Results 1 to 5 of 5

Math Help - Integrals of Trig Functions

  1. #1
    Newbie
    Joined
    Nov 2007
    Posts
    10

    Integrals of Trig Functions

    I'm having trouble with this problem:

    tan^2(x^1/2)/x^(1/2)
    I don't know how to get any special characters in there so just assume I want to integrate the above problem. Just for clarification...it reads tan squared square root x. (The entire tan function is squared) divided by square root x.
    Follow Math Help Forum on Facebook and Google+

  2. #2
    Forum Admin topsquark's Avatar
    Joined
    Jan 2006
    From
    Wellsville, NY
    Posts
    10,184
    Thanks
    403
    Awards
    1
    Quote Originally Posted by nick898 View Post
    I'm having trouble with this problem:



    I don't know how to get any special characters in there so just assume I want to integrate the above problem. Just for clarification...it reads tan squared square root x. (The entire tan function is squared) divided by square root x.
    \int \frac{tan^2(\sqrt{x})}{\sqrt{x}}~dx

    Let y = \sqrt{x} \implies dx = 2y~dy

    So
    \int \frac{tan^2(\sqrt{x})}{\sqrt{x}}~dx = \int \frac{tan^2(y)}{y} \cdot 2y~dy

    = 2 \int tan^2(y)~dy

    How 'bout now?

    -Dan
    Last edited by topsquark; December 4th 2007 at 12:24 PM.
    Follow Math Help Forum on Facebook and Google+

  3. #3
    Newbie
    Joined
    Nov 2007
    Posts
    10
    Ok. I understand how to get the answer out of that. (It has the answers in the back of the book) but I'm confused how you got dx = -2ydy

    I think it's just a minor difference in the way I was taught but I just can't see it.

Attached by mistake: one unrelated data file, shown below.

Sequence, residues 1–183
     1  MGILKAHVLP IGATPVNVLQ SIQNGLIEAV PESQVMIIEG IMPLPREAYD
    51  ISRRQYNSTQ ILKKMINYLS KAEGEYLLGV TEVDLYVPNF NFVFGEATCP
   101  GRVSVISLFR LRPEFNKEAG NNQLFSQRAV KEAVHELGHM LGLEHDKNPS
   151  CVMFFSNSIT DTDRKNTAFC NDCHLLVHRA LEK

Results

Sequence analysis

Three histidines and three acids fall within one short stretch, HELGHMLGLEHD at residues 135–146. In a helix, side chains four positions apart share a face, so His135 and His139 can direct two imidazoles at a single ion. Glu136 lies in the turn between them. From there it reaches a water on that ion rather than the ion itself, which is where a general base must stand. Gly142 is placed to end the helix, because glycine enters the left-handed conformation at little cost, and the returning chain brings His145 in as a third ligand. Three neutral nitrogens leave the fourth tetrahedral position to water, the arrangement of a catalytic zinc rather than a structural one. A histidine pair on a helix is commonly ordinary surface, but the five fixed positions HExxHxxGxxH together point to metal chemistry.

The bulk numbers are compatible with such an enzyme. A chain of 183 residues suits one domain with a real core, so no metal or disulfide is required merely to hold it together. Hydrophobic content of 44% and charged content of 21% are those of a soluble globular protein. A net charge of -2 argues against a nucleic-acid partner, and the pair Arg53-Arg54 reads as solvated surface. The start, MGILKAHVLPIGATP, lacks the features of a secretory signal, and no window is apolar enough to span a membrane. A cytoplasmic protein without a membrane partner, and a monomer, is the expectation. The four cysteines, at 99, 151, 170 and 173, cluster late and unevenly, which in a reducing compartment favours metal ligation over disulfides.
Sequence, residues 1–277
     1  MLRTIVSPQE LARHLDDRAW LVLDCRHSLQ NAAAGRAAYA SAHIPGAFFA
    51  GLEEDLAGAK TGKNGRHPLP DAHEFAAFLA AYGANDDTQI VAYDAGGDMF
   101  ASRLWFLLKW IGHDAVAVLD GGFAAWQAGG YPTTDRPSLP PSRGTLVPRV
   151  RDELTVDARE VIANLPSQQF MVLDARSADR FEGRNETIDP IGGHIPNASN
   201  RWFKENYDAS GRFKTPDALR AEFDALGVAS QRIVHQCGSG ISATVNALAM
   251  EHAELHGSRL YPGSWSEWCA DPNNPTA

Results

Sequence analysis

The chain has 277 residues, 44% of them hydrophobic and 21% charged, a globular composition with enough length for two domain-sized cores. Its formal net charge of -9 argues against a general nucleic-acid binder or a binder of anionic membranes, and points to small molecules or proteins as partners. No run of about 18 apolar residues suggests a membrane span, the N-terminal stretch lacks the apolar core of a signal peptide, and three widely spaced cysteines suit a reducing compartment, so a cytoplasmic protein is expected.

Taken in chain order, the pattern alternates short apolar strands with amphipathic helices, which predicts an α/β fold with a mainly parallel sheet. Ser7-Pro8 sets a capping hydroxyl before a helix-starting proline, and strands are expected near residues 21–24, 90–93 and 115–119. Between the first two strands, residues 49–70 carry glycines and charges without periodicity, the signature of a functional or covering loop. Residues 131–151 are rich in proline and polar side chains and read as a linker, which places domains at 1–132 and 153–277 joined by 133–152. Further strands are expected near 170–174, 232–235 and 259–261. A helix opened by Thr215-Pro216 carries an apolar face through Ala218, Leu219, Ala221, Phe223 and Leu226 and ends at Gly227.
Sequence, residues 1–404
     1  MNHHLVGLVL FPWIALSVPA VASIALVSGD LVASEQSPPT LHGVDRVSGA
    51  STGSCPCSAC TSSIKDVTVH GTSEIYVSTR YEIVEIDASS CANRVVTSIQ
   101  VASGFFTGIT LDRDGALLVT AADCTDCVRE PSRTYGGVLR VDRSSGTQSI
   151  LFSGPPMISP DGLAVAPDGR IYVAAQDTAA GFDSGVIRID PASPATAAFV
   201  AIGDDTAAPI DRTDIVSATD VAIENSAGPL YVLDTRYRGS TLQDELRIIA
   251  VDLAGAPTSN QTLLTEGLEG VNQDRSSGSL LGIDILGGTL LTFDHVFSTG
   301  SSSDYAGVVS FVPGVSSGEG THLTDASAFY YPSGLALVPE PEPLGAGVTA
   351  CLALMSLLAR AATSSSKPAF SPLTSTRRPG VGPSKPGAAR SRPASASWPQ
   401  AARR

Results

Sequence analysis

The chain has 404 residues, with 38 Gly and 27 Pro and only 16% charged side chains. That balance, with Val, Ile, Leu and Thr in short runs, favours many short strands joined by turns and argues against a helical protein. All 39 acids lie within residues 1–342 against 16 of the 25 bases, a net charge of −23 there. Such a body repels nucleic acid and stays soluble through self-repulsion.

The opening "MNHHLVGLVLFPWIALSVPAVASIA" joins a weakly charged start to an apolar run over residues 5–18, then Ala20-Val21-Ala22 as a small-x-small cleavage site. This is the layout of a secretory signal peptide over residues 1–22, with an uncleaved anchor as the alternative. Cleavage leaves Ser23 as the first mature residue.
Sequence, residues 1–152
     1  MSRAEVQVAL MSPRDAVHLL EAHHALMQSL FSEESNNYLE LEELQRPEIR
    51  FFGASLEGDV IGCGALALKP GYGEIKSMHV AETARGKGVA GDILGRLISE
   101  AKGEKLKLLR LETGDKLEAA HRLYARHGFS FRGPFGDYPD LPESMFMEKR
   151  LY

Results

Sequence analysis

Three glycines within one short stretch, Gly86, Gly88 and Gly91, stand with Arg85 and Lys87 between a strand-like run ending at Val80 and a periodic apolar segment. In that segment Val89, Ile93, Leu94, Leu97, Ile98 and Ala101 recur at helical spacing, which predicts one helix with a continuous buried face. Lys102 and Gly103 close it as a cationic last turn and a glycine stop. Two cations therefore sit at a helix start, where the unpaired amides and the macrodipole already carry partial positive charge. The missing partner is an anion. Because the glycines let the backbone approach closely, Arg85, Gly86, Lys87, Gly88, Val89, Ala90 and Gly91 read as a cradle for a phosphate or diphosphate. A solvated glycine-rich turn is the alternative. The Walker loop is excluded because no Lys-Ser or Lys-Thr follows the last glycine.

I understand using a variable to represent square root x. I just don't get the dx = -2ydy part.
    Follow Math Help Forum on Facebook and Google+

  4. #4
    Forum Admin topsquark's Avatar
    Joined
    Jan 2006
    From
    Wellsville, NY
    Posts
    10,184
    Thanks
    403
    Awards
    1
    Quote Originally Posted by nick898 View Post
    Ok. I understand how to get the answer out of that. (It has the answers in the back of the book) but I'm confused how you got dx = -2ydy

    I think it's just a minor difference in the way I was taught but I just can't see it.

    I understand using a variable to represent square root x. I just don't get the dx = -2ydy part.
    Sorry, I was off by a - sign:
    y = \sqrt{x}

    dy = \frac{1}{2\sqrt{x}}~dx

    dy = \frac{1}{2y}~dx

    dx = 2y~dy

    -Dan
    Follow Math Help Forum on Facebook and Google+

  5. #5
    Newbie
    Joined
    Nov 2007
    Posts
    10
    Ok, it all makes sense now. Thank you!
    Follow Math Help Forum on Facebook and Google+

Similar Math Help Forum Discussions

  1. Replies: 1
    Last Post: September 4th 2011, 09:17 PM
  2. [SOLVED] Integrals Involving Powers of Trig Functions.
    Posted in the Calculus Forum
    Replies: 2
    Last Post: October 28th 2010, 01:26 AM
  3. Replies: 1
    Last Post: February 3rd 2010, 03:25 PM
  4. Integrals Involving Inverse Trig Functions
    Posted in the Calculus Forum
    Replies: 2
    Last Post: September 12th 2009, 10:51 PM
  5. Evaluating Integrals (inverse trig functions)
    Posted in the Calculus Forum
    Replies: 3
    Last Post: April 22nd 2009, 04:31 PM

Search Tags


/mathhelpforum @mathhelpforum